Welcome to (formerly Essence's Model Rocket Reviews or EMRR). is the home of almost 5000 reviews of rocketry kits and products. Written by visitors to like you, the reviews cover everything from low-power model rocket kits to high-power rocket motors.

The site's Flight Log allows you to record and share your rockets and their flights.  The Builds feature helps you document your rocketry projects. 

At, you'll also find a large collection of rocketry resources such as a list of rocketry clubs, a calendar of rocketry events, and large libraries of OpenRocket design files and Rocksim design files. A number of rocketry tools and calculators are available to help you design, build, and fly your rockets.

As you explore, you'll also find a number of fun things such as a huge library of rocketry videos and a collection of photo albums.


The mobile site makes it easy to add flights to your Flight log using a smart phone or tablet. Visit:

The mobile site allows you to view and enter flights in your Flight Log and to view and add rockets to your Rocket Gallery using simple controls designed for smartphones and tablets. You must have an existing account which the mobile site will ask you to log into.

See Also:

Today's Featured Review

AeroRocket - FinSim {Software}


Contributed by John Champion



John Cipolla offers a great computer program called FinSim that allows one to do structural, aerodynamic and aeroelastic analysis of rocket fins. Equally impressive is his discussion located on the FinSim Website and the link to a paper describing the details of the fin flutter and divergence method. Mr. Cipolla wisely suggests that when using FinSim to estimate flutter velocity, one should bound the flutter prediction by using the theoretical 2-dimensional lift coefficient (2 pi ) to establish a lower bound and the 3-dimensional lift coefficient to establish an upper bound. Most likely the flutter velocity will fall between these two extremes.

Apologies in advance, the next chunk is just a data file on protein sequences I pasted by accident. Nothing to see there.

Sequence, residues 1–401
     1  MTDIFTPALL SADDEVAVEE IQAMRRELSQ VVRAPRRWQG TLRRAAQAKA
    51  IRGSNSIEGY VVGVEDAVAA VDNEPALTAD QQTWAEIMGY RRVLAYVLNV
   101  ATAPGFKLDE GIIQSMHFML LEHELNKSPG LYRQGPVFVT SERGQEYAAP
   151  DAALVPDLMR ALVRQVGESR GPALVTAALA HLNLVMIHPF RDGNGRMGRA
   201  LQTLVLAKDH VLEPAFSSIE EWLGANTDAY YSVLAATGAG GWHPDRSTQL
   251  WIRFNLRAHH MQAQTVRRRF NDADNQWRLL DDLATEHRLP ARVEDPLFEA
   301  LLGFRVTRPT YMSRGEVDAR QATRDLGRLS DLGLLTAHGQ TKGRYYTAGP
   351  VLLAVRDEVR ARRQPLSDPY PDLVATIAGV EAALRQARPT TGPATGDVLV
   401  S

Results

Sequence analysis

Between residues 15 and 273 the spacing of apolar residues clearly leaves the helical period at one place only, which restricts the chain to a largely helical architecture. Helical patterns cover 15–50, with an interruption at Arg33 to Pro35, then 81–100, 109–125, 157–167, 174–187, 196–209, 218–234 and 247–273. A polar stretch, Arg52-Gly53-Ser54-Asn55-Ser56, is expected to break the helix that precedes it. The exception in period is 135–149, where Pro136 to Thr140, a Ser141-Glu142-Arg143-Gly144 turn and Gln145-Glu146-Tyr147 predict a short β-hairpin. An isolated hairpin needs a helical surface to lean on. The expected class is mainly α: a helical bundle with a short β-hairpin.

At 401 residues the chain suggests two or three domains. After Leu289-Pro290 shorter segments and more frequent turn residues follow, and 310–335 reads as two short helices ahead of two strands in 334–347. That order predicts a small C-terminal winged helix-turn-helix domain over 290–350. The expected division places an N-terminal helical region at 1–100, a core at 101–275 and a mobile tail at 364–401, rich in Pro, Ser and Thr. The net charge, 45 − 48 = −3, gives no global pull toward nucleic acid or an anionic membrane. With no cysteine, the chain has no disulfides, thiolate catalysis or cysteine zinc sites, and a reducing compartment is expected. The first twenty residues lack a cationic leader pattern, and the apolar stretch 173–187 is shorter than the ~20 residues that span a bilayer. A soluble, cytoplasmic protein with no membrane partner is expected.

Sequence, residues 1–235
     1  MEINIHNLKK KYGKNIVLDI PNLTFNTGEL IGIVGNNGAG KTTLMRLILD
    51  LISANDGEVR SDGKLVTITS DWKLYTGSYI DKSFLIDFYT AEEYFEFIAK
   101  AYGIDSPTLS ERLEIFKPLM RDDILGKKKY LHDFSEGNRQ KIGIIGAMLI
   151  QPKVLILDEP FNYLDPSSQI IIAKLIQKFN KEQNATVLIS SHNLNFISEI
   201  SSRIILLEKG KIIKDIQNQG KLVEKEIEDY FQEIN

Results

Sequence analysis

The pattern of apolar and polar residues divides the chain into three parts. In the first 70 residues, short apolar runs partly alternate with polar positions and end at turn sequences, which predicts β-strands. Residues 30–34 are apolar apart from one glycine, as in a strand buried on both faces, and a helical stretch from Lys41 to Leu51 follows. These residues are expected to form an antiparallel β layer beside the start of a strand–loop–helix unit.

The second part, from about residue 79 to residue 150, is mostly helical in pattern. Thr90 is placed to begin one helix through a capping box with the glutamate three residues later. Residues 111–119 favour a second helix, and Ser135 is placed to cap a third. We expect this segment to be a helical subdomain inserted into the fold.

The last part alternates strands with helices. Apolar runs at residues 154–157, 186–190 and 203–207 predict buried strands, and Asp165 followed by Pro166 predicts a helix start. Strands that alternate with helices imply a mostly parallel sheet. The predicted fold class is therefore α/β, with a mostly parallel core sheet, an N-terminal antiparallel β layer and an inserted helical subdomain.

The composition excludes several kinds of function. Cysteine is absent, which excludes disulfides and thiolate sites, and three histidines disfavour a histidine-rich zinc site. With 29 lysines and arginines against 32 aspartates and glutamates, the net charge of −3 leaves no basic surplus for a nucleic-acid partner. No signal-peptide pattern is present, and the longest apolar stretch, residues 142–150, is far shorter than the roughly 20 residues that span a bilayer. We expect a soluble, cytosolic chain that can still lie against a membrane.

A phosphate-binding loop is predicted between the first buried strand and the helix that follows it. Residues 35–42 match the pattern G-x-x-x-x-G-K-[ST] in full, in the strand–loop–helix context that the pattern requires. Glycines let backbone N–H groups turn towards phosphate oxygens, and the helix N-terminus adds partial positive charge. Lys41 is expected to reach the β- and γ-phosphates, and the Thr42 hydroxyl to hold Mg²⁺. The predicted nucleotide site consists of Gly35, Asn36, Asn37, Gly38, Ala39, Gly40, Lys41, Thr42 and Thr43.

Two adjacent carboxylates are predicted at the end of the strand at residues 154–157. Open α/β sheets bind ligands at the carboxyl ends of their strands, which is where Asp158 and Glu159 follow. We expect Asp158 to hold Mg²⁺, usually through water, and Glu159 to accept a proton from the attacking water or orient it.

The purpose of this review is to put an emphasis on Mr. Cipolla's advice and to suggest that the lower bound be taken more seriously as a means to design fins that will not flutter.

There are two technical reasons that support this position, namely model (equation) applicability and the neglect of the natural frequency in plunging. Both result in the reduction of a rather complex problem into a simple relation to predict flutter velocity. These simplifications result in an incremental over-prediction of flutter speed. The more conservative approach of using the 2-dimensional lift-coefficient disguises the effects of these approximations. If I have peaked your interest, then please read on for further explanation.

Model Applicability -

The approach used in FinSim is known as a quasi-steady approximation to predicting flutter speed. This approximation assumes that the frequency of vibration (oscillation) is small relative to the linear flight speed of the rocket. This relationship is often described as a reduced frequency given by the simple equation:

Reduced (normalized) frequency of vibration


Frequency of Vibration, Hz

Average Chord of Fin, unit-of-length

Linear Rocket Velocity, unit-of-length per second

The quasi-steady approximation is considered valid when the reduced frequency is small, that is when k.<= 0.1 This is rarely the case for subsonic flow (Mach number less than ~0.8). The quasi-steady approximation is best suited for the prediction of flutter speed in supersonic flow, or for use in design studies where trends are of interest rather than an accurate prediction of flutter speed.

The Effect of Neglecting the Natural Frequency in Plunging –